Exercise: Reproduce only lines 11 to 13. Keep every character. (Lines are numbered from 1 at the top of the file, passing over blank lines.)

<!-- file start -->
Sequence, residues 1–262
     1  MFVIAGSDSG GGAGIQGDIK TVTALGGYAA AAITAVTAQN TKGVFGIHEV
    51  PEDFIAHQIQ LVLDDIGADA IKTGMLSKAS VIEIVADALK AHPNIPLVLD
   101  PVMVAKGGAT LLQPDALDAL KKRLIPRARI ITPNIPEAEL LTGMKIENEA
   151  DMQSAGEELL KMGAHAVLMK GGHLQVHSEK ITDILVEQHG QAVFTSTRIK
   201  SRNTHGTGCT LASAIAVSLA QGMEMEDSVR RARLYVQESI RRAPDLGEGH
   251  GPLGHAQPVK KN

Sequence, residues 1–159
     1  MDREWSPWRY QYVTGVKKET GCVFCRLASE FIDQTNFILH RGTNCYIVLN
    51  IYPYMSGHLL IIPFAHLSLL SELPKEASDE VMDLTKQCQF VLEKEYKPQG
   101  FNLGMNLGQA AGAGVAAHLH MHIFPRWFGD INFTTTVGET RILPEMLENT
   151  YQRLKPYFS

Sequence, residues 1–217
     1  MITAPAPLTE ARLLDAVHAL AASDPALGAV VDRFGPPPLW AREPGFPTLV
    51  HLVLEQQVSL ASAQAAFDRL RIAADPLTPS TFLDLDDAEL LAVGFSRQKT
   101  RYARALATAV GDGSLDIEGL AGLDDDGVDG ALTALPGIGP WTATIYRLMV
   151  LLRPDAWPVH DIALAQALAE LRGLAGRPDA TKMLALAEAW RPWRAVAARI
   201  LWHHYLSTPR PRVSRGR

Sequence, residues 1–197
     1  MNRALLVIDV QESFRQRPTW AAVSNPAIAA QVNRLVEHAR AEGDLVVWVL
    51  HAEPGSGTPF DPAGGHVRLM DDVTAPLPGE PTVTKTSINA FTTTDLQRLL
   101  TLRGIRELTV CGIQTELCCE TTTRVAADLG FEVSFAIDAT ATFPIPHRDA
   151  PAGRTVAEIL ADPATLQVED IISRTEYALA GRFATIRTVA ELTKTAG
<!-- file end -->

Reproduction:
   101  FNLGMNLGQA AGAGVAAHLH MHIFPRWFGD INFTTTVGET RILPEMLENT
   151  YQRLKPYFS

Sequence, residues 1–217